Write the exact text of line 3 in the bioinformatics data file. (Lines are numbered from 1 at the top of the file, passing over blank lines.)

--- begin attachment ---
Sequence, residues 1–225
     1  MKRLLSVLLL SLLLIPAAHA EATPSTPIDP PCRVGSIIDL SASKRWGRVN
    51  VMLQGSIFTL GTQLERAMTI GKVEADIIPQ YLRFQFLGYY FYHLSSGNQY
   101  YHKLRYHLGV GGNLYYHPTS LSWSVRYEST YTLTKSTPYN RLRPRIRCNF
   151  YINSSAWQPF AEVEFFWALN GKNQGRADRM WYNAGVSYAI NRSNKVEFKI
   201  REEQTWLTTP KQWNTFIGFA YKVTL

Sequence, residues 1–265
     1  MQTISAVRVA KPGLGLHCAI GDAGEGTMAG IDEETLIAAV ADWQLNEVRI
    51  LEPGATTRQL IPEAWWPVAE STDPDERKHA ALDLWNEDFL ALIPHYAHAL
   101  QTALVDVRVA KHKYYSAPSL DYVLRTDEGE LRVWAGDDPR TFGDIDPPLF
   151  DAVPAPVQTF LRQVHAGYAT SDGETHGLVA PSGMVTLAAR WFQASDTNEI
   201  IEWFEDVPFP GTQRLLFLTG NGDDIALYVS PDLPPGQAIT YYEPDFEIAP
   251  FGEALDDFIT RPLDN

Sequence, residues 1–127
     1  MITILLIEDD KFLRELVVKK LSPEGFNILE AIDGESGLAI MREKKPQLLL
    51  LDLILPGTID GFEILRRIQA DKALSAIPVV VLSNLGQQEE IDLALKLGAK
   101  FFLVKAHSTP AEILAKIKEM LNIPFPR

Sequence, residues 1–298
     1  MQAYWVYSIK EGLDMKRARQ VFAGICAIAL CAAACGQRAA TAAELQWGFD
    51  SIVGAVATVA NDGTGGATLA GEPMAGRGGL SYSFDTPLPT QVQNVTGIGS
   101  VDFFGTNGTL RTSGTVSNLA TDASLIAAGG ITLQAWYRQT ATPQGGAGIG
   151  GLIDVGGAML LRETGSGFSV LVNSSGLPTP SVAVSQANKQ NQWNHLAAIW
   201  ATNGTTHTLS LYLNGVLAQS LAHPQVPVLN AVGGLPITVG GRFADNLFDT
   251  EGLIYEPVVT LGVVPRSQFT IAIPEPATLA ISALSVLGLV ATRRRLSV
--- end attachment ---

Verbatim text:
    51  VMLQGSIFTL GTQLERAMTI GKVEADIIPQ YLRFQFLGYY FYHLSSGNQY